What a difference a week makes. Last Thursday, I was on the 35th floor of One World Trade in New York City, feeling on top of the world.

Thanks to my 12 year old daughter’s fundraising efforts, Jordan and I were invited to speak at the Susan G. Komen Partner Summit. She got a standing ovation before she even opened her mouth– and then another one after her 10 minute speech. That night, one of the corporate sponsors treated us to a mouthwatering steak at The Palm.

The next morning, I went on the shopping spree of a lifetime at Carlisle Etcetera. One of the executives showered me with kindness and a $1000 allowance to spend on a new outfit. Nearly the entire store was 75% off, so I ended up with a whole wardrobe. And let me tell you, this is nice stuff.

Jordan and I saw Wicked, Les Mis, Matilda and the Rockettes. We giggled throughout the week with our beloved friends from Fargo who crashed in our hotel room.

It was the best.

Then, in a taxi on the way back to the airport, I got a phone call.

My dad, who had a stroke a few weeks ago, has taken a turn for the worse. You should come soon, my Aunt Mary counseled.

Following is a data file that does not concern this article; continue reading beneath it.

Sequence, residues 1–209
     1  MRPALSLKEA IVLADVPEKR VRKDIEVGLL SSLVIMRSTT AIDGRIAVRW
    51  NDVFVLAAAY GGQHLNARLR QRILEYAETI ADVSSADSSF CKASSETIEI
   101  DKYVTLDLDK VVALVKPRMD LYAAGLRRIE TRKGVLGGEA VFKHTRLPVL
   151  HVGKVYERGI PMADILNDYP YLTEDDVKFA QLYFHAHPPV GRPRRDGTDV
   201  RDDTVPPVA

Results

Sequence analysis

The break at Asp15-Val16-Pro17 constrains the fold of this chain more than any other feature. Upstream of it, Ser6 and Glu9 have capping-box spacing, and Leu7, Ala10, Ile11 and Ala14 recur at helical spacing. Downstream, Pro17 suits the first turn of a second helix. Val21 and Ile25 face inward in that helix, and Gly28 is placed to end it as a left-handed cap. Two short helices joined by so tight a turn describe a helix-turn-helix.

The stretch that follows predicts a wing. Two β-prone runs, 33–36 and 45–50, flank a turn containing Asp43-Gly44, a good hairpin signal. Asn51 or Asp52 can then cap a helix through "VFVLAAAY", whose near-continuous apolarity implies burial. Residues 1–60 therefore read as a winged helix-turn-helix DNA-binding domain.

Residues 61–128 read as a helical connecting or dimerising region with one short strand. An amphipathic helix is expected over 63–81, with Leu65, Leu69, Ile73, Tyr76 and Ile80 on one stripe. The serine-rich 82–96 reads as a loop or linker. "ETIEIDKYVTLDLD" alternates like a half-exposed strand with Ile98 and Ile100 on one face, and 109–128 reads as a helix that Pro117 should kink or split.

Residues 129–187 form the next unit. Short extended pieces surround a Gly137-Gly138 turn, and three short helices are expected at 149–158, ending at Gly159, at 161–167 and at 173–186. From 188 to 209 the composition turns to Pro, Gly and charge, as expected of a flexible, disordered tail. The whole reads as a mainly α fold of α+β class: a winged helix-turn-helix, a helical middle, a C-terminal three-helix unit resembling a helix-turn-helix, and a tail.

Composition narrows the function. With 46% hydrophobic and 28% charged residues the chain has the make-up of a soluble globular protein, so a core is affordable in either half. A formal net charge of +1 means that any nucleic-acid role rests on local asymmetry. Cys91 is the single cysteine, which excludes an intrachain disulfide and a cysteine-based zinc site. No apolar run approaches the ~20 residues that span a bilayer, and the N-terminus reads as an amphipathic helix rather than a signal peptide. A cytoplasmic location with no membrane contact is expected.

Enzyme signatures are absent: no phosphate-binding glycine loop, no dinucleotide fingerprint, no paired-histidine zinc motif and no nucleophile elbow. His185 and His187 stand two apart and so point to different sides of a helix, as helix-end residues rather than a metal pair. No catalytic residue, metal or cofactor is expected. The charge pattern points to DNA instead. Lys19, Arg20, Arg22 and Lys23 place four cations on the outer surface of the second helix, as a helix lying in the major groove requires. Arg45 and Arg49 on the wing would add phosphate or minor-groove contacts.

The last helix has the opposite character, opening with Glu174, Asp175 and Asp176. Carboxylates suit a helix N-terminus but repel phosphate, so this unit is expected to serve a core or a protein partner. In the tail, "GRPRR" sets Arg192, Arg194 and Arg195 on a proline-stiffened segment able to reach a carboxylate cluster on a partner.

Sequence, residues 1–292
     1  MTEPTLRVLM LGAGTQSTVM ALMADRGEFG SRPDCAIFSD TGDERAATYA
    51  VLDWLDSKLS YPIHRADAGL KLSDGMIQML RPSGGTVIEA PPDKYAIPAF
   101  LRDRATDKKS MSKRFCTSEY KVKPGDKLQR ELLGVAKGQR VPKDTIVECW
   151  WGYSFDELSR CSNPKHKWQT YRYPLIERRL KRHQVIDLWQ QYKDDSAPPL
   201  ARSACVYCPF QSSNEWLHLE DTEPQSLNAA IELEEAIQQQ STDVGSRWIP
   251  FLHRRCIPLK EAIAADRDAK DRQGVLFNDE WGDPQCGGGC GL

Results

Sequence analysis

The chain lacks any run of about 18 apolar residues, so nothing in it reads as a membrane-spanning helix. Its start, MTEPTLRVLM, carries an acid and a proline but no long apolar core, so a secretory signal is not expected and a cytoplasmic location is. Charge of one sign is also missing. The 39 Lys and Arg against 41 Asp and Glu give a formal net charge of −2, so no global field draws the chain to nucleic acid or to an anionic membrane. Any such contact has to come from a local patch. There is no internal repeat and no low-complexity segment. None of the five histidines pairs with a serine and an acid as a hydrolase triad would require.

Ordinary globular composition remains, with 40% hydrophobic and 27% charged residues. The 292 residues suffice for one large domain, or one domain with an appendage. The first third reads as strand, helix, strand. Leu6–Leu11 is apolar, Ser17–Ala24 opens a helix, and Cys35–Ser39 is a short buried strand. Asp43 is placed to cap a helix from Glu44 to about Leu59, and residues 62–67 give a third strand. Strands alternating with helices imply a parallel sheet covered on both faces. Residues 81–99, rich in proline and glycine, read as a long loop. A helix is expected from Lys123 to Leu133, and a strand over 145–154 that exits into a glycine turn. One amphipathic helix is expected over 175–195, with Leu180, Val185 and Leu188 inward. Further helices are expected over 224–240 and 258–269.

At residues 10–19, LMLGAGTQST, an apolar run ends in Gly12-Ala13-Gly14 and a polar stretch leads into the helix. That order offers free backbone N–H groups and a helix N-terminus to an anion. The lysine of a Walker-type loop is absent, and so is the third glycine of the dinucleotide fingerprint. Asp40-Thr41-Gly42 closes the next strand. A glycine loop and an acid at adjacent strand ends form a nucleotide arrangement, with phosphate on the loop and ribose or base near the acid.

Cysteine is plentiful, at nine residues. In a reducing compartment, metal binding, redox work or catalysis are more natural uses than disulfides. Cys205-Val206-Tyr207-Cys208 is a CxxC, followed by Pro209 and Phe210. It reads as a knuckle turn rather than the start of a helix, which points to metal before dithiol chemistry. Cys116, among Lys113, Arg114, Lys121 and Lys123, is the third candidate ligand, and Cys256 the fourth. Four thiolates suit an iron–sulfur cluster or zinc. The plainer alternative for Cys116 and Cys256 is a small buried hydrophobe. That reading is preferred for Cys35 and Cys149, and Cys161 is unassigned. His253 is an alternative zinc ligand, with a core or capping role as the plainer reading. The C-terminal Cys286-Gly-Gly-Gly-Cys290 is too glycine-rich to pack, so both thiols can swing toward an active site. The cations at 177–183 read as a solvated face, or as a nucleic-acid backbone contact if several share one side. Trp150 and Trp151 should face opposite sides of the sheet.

So now, with the applause and laughter still faintly echoing in the back of my memory, I will get back on an airplane, this time bound for Wisconsin.

I have a one-way ticket. I’ll be back, but I don’t want to be rushed in this visit.

On my left hand is joy. Gratitude. Delight in all the ways God spoils me. On my right hand is grief. Sadness. A questioning of God’s plan.

But when I pray, my hands clasp together, the fingers intertwine. Pain and joy exist simultaneously. They are like cords that weave together to make us stronger, taller, more able.

We will never have pure happiness this side of Heaven, but we will also never have pure misery. The next time you are faced with a trial, faced with being on the low end of life, allow yourself to break open, crack just a little and feel that sadness. Then look around carefully, because you will be standing next to joy.